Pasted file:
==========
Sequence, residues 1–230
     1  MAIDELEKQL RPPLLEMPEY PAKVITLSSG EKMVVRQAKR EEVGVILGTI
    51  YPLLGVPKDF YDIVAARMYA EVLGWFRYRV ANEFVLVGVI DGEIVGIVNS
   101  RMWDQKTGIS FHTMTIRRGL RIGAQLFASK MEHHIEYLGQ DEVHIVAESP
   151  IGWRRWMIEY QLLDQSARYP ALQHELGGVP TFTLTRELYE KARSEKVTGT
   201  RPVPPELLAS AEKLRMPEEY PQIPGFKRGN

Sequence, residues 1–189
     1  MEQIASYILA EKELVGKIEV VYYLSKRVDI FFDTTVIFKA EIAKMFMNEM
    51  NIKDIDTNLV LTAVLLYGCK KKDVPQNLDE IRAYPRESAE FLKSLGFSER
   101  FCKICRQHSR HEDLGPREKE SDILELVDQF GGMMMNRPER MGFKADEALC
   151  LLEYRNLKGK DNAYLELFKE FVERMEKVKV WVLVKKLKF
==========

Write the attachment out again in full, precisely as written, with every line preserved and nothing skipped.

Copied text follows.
Sequence, residues 1–230
     1  MAIDELEKQL RPPLLEMPEY PAKVITLSSG EKMVVRQAKR EEVGVILGTI
    51  YPLLGVPKDF YDIVAARMYA EVLGWFRYRV ANEFVLVGVI DGEIVGIVNS
   101  RMWDQKTGIS FHTMTIRRGL RIGAQLFASK MEHHIEYLGQ DEVHIVAESP
   151  IGWRRWMIEY QLLDQSARYP ALQHELGGVP TFTLTRELYE KARSEKVTGT
   201  RPVPPELLAS AEKLRMPEEY PQIPGFKRGN

Sequence, residues 1–189
     1  MEQIASYILA EKELVGKIEV VYYLSKRVDI FFDTTVIFKA EIAKMFMNEM
    51  NIKDIDTNLV LTAVLLYGCK KKDVPQNLDE IRAYPRESAE FLKSLGFSER
   101  FCKICRQHSR HEDLGPREKE SDILELVDQF GGMMMNRPER MGFKADEALC
   151  LLEYRNLKGK DNAYLELFKE FVERMEKVKV WVLVKKLKF